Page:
Major highways have been cut off, theme parks have closed and residents are flooded in as up to 300mm of torrential rain bucketed down on southeast Queensland overnight.

A severe storm warning was issued by the Bureau of Meteorology after intense rainfall from a mega cell lashed the state, extending from the Sunshine Coast down to the Gold Coast. The heavy rain caused "life-threatening" flash flooding on major roads as it fell overnight.

"Intense rainfall that may lead to dangerous and life-threatening flash flooding is likely," a BOM spokesman warned.

In some parts of the region, where in excess of 200mm fell, the average January rainfall was doubled in one night.


The severe weather warnings have now been lifted, as the slow-moving cell now affects northern New South Wales and moves offshore, but Queensland Fire and Emergency Services has advised people to seek shelter, beware of fallen trees and powerlines and not to risk travelling through flooded areas.

Police have received more than 50 reports of flooded roads across the Gold Coast this morning.

Parts of the Pacific Motorway have been closed, and the Gold Coast Highway and Cunningham Highway are blocked.

Gold Coast theme parks MovieWorld and Wet n Wild will be closed today because of severe flooding.

"Please be aware that due to severe weather and flooding, Warner Bros. Movie World will be closed today for the safety of our guests and team members," a post by the theme park on Facebook read.


Residents in a remote area of Victoria's Alpine Region have faced an anxious wait overnight after an "evacuate now" warning was issued Friday night.

While parts of Australia's east are soaking in some much-needed rainfall, more than a dozen blazes continue to rage in Victoria, where residents were displaced overnight.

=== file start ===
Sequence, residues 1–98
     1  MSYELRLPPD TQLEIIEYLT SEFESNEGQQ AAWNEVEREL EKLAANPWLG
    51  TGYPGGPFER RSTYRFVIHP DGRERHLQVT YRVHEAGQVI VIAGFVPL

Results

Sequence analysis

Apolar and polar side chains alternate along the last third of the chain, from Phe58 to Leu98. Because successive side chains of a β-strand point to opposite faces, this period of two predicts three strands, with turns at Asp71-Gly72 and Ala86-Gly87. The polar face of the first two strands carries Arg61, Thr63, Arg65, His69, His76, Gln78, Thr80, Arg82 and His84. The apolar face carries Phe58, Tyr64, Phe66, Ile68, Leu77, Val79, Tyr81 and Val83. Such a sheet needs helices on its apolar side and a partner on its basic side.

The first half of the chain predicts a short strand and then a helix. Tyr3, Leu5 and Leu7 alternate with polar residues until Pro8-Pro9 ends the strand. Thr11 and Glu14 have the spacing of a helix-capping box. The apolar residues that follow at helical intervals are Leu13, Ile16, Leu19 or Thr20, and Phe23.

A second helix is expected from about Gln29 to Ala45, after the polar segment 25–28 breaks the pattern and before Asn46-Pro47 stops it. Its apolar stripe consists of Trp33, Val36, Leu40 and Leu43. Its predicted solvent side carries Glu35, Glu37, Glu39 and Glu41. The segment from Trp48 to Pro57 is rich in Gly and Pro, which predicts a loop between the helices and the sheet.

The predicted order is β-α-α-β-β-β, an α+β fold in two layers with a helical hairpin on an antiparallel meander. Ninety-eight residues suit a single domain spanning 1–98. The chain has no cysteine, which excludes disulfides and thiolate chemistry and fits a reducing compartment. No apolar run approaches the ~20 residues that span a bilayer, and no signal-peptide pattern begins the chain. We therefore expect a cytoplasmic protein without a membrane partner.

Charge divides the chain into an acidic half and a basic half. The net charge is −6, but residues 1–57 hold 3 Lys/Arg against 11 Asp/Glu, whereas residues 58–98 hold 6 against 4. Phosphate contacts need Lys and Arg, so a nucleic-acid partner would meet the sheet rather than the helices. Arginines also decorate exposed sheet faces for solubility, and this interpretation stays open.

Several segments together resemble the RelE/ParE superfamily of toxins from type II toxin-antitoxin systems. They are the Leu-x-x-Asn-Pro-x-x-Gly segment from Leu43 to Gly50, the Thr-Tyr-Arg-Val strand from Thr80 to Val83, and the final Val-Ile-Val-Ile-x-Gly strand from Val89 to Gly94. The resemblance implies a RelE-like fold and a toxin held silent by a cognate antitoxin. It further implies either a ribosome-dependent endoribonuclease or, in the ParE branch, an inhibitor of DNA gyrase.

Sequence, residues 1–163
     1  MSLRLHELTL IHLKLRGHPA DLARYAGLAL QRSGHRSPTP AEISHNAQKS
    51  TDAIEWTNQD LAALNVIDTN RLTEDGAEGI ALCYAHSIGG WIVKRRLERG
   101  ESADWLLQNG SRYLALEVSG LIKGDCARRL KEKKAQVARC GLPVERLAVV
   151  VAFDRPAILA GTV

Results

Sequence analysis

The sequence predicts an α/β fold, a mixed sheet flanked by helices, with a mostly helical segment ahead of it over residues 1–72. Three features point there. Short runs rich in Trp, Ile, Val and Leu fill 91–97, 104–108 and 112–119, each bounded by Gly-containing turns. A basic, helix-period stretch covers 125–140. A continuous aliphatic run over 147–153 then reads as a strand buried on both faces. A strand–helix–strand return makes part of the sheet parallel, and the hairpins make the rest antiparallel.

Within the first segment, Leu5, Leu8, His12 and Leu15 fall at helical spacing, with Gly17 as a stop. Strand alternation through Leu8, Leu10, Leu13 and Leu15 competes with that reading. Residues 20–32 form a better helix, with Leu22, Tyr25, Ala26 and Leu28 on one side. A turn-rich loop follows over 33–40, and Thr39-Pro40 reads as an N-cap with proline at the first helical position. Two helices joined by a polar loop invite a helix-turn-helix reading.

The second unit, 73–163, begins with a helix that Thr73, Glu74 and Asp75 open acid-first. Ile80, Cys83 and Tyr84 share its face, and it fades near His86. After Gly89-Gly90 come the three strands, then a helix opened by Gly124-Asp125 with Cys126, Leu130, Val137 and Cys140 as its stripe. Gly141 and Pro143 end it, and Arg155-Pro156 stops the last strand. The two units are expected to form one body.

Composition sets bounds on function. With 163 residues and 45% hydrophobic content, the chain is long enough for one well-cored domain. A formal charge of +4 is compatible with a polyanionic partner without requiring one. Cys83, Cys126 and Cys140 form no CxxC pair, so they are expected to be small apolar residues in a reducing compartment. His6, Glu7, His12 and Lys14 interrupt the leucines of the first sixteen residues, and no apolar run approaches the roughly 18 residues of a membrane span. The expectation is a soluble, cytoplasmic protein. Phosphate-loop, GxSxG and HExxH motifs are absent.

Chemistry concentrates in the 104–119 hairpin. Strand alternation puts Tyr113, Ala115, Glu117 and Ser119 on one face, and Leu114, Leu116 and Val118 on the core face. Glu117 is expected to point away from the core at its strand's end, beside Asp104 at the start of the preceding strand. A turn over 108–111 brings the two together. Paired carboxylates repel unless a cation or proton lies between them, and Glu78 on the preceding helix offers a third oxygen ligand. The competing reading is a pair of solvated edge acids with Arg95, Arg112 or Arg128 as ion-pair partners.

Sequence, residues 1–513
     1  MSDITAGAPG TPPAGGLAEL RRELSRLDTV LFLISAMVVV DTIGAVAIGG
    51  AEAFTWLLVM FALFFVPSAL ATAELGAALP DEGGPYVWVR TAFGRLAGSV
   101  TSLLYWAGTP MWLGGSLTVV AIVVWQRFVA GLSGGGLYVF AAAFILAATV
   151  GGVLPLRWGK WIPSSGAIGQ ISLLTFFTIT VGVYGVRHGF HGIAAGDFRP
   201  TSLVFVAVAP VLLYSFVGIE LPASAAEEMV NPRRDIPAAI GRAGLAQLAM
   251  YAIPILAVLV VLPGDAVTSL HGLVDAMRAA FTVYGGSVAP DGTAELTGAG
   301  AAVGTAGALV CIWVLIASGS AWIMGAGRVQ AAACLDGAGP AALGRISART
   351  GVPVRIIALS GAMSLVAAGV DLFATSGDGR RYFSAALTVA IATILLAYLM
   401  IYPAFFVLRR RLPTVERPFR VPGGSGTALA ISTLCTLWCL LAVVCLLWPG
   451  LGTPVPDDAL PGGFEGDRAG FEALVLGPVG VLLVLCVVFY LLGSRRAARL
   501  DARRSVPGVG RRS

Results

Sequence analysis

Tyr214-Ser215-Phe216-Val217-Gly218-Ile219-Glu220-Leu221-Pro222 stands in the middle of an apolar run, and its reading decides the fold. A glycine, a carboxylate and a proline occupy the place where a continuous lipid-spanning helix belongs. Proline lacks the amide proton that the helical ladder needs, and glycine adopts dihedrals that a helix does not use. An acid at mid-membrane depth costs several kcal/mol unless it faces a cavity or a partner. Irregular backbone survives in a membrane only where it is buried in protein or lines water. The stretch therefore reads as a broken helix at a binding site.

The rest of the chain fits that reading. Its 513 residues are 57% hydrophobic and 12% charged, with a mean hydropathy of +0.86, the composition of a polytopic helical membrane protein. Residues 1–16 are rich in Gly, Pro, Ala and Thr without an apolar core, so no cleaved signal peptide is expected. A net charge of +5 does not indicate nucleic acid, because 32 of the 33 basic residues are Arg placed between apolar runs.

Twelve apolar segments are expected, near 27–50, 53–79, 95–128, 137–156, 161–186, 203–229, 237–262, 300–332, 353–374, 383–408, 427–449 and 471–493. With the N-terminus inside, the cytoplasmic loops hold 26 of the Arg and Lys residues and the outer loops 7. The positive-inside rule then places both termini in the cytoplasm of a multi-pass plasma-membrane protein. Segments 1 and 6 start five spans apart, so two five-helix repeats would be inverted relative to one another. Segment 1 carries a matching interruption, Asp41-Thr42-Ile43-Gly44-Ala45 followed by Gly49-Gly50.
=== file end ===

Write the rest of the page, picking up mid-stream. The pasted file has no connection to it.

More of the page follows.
Most of the fires ripping through the state, predominantly in East Gippsland and the northeastern alpine region, were burning at a "watch and act" level or low, but emergency warnings were issued for fires near Mount Buffalo in Victoria's alpine region, and briefly for Bulart, in the state's southwest.


The emergency warning for an out-of-control grass fire at Bulart was downgraded to a "watch and act" alert early this morning.

However, residents there and at nearby Cavendish, Gatum and Melville Forest were warned to stay close to a building so they could shelter if conditions changed.

An evacuation order was earlier issued for the blaze near Mount Buffalo.

Residents living in Buffalo Creek, Merriang and Merriang South were told strong and erratic winds had significantly increased fire activity near them, and it was recommended they evacuate.

The warning came as a registration service has been established for people who fled Mallacoota, Genoa and Gipsy Point and want to return now conditions have improved.

When it is safe to do so, emergency services and the Australian Defence Force will begin flights or escorted road transport into Mallacoota and surrounds, Victoria Police have confirmed.

Incident management specialists from the US and Canada are set to arrive at Melbourne Airport on this morning, before being deployed to fires in the northeast and East Gippsland.

Smoke is also expected to return to central Melbourne on Saturday and Sunday as easterly winds cross firegrounds.

Bureau of Meteorology senior meteorologist Dean Stewart said it was unclear how bad the situation would be.

"Nevertheless at least some smoke haze in the area," he said on Friday.

Emergency Management Victoria has forecast the air quality will range from good to poor across the state, with areas closest to the fires experiencing the worst haze.